Programmed in the womb by our DNA, we come into the world with natural pre-set functions. Among them is an instinctive willfulness that feels like a righteous driving force and is widely misunderstood as the very essence of who we are. However, such visceral programming is an ancient response mechanism also found in lizards, rats, etc.
This instinct can serve a valuable purpose if sufficiently developed and hitched to social and familial concerns with responsibility, accountability and trustworthiness. But if not adequately tutored and shaped by the shared reality in which we find ourselves, this willfulness may remain tethered to the limits of its programming and the misguided, self-confirming reasoning that accompanies it.
Think about it. We like to think of ourselves as objective and realistic. Too often, though, don’t we see things as we are willfully inclined, not as they are? And, as to the “facts of life,” aren’t we biased toward those that confirm the merit and privilege of our self-absorbed willfulness?
In the worst case scenario, this driving force may manifest itself as a ruthless opportunism or as a relentless display of power and an insatiable greed for acknowledgement. And even when our willfulness is less egomaniacal, it can be no less problematic. When we don’t get what it wants, we’re resentful, disappointed, disenchanted and discontent and blame our dissatisfaction on someone or something else.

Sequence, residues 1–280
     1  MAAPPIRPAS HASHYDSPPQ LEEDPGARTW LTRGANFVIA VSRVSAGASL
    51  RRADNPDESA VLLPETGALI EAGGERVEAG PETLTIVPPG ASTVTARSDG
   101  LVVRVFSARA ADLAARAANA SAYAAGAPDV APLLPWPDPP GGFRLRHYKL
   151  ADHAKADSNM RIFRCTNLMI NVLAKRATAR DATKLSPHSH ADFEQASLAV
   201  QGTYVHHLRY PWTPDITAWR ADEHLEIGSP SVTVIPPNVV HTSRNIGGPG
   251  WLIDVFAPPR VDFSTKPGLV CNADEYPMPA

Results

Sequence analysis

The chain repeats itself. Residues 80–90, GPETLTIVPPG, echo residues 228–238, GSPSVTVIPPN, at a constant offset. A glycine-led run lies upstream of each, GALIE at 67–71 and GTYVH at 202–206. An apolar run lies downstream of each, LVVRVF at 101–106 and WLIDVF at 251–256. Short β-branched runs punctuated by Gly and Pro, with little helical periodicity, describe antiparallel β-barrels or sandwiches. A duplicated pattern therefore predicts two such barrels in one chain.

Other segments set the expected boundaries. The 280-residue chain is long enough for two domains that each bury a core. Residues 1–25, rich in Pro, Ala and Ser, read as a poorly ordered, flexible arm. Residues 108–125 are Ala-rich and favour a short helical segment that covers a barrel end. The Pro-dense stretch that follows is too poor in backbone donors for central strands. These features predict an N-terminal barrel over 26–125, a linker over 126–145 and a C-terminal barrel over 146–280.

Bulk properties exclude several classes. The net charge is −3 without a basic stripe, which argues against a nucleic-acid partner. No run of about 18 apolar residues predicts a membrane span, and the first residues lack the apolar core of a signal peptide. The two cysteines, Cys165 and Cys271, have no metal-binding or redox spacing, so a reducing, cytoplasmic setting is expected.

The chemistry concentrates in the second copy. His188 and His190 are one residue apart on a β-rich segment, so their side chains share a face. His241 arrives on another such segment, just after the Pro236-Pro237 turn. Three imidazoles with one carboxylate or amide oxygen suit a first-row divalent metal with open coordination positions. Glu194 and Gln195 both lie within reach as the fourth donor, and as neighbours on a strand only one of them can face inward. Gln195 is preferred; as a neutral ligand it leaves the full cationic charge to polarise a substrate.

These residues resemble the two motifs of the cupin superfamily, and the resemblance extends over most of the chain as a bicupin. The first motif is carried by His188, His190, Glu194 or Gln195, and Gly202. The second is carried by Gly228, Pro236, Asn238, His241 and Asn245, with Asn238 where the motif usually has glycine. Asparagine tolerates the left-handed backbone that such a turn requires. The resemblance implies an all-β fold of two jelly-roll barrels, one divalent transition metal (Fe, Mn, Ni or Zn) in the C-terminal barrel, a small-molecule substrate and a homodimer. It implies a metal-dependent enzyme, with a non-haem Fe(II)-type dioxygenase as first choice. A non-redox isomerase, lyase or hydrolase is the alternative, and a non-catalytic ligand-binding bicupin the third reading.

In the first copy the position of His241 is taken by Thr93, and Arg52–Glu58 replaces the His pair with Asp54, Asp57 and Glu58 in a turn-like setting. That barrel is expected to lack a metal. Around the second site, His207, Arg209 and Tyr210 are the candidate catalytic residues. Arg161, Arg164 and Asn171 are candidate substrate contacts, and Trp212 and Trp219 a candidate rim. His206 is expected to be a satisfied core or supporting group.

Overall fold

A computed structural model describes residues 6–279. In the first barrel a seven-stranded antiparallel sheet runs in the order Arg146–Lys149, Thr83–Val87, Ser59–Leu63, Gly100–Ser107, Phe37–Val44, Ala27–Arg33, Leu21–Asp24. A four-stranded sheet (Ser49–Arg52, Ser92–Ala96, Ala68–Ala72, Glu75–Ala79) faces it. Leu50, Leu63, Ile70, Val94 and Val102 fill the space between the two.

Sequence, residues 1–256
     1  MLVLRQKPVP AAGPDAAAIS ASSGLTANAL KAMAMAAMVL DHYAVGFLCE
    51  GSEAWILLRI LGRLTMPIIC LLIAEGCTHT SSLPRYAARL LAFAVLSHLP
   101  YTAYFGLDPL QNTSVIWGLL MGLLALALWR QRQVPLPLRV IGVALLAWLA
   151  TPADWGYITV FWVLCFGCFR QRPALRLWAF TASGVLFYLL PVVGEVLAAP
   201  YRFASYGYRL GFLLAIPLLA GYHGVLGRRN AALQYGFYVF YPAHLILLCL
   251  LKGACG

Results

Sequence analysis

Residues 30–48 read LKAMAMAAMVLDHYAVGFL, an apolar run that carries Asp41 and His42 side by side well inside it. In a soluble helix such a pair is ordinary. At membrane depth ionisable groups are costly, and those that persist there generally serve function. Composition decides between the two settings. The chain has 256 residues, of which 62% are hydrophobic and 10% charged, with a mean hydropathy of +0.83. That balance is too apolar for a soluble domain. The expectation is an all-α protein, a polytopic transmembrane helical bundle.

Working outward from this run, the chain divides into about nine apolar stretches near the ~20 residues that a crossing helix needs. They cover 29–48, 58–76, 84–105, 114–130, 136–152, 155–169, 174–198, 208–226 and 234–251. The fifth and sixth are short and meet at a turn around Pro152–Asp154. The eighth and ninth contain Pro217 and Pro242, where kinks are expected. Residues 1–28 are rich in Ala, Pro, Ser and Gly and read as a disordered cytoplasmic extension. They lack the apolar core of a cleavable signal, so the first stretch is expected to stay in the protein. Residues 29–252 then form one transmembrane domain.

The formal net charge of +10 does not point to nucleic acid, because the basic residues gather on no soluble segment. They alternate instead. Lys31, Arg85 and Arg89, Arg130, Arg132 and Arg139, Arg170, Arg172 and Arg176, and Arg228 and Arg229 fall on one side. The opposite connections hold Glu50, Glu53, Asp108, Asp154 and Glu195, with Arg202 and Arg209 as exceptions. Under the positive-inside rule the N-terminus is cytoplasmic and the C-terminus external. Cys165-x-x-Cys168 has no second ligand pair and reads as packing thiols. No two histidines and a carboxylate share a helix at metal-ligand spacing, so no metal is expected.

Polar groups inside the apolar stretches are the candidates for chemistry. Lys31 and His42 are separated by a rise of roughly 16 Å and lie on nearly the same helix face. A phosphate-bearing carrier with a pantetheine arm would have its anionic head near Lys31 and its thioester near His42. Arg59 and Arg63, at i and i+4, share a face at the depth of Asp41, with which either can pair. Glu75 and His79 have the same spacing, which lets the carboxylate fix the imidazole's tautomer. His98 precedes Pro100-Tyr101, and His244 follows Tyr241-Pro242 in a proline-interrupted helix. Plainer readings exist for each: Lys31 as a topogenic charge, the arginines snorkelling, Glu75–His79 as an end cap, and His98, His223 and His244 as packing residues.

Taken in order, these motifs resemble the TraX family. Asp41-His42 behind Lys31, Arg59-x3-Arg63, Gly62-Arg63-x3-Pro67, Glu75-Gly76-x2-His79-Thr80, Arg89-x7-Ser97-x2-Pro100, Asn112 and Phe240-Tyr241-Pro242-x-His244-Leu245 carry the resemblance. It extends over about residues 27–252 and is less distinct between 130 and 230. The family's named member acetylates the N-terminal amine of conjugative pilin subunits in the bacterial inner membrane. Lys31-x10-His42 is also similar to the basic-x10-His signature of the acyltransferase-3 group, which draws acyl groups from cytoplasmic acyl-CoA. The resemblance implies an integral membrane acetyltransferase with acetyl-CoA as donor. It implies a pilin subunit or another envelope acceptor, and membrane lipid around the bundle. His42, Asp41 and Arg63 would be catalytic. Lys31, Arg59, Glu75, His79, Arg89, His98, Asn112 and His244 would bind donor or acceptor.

In other words, the unbridled willfulness to which we are born, though natural, is often neither objectively reasoned nor in our best interest. Indeed, it may be a too weak and too flawed, illusion-filled adaptation to the complex shared reality in which we live.
Moreover, in the final analysis, our uncontrolled willfulness can be a cover up with we ourselves its main dupe. Yes, it tries to hide from others our insufficiently developed ability to use reason, rationality and civility to manage our thoughts, emotions and actions. But in the absence of such a mature ability, it is we who are left with resources that are shallow and intentions that are mean-minded, even cruel, or corrupt.
Yet, the complexities, multitudes, mysteries and vast resources of human nature offer us far more decent options than those offered by the dark side of willfulness. And it is to our larger possibilities that we have dedicated ourselves.
Arnold Siegel is the founder of Autonomy and Life and the leader of its Retreat Workshops and Advanced Classes. Visit autonomyandlife.com for more information.